In this recipe we are going to debug a container that is failing during startup. The steps in this recipe can also be used to debug a container that failed during runtime or simply to debug any other issues that might come up from time to time.
You can find the application for this recipe on my github repository
As usual in the recipe section we will look at the following:
Of course you would want to determine why something went wrong in your application which is running in a docker container.
And you would be right that your application logs are the first thing to look at.
But what if something went wrong with the container as a result of some configuration issue? Say for example it could not connect to another container over a SDN (Like in this example).
Then you need to check if your docker container/Dockerfile simply is not configured correctly or if your application did fail for any other reason whatsoever. And this exactly what this recipe will help you to do.
Debugging containers also helps to get comfortable around them, playing with them and working with them.
We are going to explore the debugging by working with an asp net core application that is running inside a docker container and should be connected to a postgres database which is also running in a docker container. The problem will be that the connection string is not correct for connecting via loopback interface (localhost).
This is because if you run an application inside a container the localhost now refers to the container and not to the docker hosts localhost anymore.
You can read up on this in my posts about integration testing.
I assume that you cloned the repository and run all the commands from its root.
Run containers manually and in background
The first issue we will be looking at is when we run a container with the –d flag as detached (in background).
This then does not print the logs immediately ot stdtout.
For this we start with the following docker commands:
- Start the postgres container
ZSH12docker container run -d -p 5434:5432 --rm --name \pg_db -e POSTGRES_USER=db_user -e POSTGRES_DB=pg_db postgres:10
- Build the web api image
ZSH1docker image build . -t debug_api:docker_debug
- Start the web api container manually
C#12docker container run -d -p 5000:80 --name api -e ASPNETCORE_ENVIRONMENT=Docker \--add-host=inDockerhost:172.17.0.1 debug_api:docker_debug
- Check with curl if the web api is running smoothly:
ZSH1curl -f http://localhost:5000/api/v1/counter/
We can clearly see that curl could not connect, so something must be going wrong here.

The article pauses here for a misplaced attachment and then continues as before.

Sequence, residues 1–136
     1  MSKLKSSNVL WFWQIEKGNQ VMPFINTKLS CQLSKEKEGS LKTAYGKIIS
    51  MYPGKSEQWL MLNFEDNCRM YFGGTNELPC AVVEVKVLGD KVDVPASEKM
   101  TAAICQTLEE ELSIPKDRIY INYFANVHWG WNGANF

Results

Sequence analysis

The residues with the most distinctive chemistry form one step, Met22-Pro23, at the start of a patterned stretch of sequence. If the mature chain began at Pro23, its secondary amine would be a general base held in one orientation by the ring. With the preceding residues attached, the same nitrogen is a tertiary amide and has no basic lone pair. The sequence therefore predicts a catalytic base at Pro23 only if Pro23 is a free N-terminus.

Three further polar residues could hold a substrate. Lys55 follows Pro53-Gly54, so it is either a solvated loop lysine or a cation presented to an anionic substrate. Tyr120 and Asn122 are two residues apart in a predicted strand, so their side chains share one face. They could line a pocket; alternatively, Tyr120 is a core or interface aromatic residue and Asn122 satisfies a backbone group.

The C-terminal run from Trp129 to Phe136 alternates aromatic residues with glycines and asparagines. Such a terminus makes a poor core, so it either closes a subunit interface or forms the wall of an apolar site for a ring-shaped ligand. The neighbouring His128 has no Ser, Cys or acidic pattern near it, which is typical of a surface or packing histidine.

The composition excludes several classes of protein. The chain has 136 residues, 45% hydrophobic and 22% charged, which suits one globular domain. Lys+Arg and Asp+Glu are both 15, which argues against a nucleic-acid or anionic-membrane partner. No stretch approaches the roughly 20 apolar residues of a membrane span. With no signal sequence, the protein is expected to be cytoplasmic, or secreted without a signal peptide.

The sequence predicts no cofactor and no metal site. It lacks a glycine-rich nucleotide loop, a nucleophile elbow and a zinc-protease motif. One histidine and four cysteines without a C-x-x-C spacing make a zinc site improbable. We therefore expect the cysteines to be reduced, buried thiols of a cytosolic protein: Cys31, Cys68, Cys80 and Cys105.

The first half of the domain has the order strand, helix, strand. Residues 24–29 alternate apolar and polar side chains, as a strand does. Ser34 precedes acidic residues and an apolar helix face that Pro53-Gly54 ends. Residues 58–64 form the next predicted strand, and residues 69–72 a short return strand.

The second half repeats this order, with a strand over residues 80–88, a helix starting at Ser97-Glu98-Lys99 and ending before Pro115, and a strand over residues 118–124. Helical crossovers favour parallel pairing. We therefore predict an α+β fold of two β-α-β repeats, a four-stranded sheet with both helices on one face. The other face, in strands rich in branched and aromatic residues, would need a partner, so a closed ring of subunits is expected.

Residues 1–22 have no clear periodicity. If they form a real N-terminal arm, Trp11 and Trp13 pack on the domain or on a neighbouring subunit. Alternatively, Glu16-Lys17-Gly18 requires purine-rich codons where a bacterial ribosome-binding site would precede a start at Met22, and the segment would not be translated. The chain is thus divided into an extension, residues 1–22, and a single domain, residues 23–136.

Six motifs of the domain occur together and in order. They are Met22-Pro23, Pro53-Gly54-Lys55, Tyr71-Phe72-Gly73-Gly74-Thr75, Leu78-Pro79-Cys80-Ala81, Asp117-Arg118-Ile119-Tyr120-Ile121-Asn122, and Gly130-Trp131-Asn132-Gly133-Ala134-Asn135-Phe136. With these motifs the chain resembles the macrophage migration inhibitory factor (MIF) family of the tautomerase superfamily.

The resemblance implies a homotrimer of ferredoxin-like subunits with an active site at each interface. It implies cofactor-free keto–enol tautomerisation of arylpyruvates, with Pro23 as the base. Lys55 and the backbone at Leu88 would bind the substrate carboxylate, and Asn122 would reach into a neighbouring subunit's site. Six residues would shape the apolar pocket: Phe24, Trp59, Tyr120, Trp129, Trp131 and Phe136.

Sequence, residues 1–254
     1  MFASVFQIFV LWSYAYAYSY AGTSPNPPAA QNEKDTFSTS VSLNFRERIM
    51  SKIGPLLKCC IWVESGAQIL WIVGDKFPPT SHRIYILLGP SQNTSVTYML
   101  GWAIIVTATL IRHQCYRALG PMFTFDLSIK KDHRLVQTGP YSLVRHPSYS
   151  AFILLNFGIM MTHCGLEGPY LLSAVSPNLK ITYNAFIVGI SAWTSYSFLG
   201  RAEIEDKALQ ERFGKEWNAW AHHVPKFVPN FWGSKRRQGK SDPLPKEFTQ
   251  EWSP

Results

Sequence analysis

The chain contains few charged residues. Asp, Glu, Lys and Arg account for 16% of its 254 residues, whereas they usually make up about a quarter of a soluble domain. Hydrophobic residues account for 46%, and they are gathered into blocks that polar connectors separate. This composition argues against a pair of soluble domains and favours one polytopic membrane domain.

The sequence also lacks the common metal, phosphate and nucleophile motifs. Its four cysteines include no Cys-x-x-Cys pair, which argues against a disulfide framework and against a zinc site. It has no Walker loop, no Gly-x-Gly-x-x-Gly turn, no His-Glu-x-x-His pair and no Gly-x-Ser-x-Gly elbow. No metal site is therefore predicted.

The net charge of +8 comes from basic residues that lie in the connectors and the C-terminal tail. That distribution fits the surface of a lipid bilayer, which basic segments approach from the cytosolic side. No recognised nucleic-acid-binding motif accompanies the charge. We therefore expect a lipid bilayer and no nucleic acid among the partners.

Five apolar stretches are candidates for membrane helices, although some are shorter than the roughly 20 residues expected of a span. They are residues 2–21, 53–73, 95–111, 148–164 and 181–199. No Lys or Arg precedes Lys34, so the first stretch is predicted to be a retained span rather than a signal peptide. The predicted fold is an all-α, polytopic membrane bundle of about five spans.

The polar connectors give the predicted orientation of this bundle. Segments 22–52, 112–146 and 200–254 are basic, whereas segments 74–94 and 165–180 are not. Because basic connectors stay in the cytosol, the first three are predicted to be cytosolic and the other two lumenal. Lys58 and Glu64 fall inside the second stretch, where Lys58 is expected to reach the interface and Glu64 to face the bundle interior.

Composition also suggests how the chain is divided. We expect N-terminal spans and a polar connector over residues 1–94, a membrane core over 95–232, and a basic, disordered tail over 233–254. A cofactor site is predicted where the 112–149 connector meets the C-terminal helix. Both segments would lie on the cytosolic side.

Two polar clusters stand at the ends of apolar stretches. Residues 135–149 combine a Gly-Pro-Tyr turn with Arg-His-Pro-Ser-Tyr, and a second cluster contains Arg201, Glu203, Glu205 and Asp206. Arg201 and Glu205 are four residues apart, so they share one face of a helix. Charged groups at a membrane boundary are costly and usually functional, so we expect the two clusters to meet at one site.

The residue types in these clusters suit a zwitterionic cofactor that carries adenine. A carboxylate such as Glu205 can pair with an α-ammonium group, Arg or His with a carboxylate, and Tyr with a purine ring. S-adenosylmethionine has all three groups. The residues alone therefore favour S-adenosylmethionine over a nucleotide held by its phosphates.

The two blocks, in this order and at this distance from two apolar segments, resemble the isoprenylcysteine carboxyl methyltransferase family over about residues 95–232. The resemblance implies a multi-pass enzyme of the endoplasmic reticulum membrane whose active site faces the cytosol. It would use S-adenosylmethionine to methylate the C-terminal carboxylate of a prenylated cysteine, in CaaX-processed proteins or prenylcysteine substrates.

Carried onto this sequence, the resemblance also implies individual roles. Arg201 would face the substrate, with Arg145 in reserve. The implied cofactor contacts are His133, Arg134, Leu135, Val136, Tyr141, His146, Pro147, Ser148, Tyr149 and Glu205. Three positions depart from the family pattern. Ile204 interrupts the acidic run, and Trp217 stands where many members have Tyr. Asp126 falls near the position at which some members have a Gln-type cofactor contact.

1.) Simple logging of a container
A.) Identify that a container is not run correctly
With the following command we can see that the container is correctly run but does appear to have stopped.
docker container list -a
So the postgres container is up and running but we still want to look at it if the database can be connected to.
First we check if the database is up and running by either connecting to it:
psql -d pg_db -U db_user -p 5434 -h localhost
or use pg_isready command.
If you do not have a local postgres installation then use the following command to execute the psql command directly in the container.
docker exec -it pg_db /bin/sh \
-c "psql -d pg_db -U db_user -p 5432 -h localhost"
You need to remember to change the port to the one exposed by the container not the mapped docker host. Which will hear be 5432.
So with knowing that the database container is up and running and is not the container at fault we will now look at ways to debug the api container
B.) Find out more about the containers state
When a docker container is in the stopped mode you can always find out more about it with the inspect command
docker container inspect <container_name or ID>
The inspect command prints a lot of information to the stdout.
It includes things like Networksettings, the file system in use, where volumes and data are stored, the state of the container and much more.
It also shows you were the log files are located. You could cd into the docker daemon and to that path and open the file.
But it is way better to utilize a docker command.
C.) How to show logging files from the application inside the container
But instead of going there you can utilize
docker container logs <container_name or ID>
This will show you the stdout of the container on your terminal.
With inspecting this you might be able to find a hint why your application stopped working.
We can see here that it is a SocketException, I already know was the problem is because I purposely created an incorrect connection string.